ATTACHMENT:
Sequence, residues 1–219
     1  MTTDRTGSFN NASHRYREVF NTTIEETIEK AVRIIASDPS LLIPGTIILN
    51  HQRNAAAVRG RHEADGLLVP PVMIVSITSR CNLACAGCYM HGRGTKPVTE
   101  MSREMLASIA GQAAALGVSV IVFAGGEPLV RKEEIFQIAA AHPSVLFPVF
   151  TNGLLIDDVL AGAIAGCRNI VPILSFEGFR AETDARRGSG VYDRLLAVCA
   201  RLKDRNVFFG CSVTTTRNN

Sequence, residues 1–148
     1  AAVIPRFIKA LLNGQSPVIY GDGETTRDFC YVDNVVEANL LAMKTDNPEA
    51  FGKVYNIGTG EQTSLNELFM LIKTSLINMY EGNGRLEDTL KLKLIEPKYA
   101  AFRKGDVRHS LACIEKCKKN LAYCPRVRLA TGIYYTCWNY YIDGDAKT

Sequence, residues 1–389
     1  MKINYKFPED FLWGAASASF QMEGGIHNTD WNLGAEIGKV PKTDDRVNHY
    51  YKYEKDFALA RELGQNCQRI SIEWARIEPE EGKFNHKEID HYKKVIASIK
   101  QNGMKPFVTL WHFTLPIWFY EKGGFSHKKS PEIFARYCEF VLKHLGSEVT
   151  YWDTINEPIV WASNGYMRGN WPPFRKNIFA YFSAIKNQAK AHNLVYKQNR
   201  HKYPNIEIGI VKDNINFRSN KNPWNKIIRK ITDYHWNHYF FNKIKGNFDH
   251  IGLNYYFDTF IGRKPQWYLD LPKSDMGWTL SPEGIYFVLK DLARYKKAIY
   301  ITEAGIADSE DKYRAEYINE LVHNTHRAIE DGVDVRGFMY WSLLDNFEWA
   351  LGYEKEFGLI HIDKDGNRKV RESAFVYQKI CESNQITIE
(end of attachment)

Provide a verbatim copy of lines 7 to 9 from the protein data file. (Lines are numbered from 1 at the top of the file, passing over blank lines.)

Sequence, residues 1–148
     1  AAVIPRFIKA LLNGQSPVIY GDGETTRDFC YVDNVVEANL LAMKTDNPEA
    51  FGKVYNIGTG EQTSLNELFM LIKTSLINMY EGNGRLEDTL KLKLIEPKYA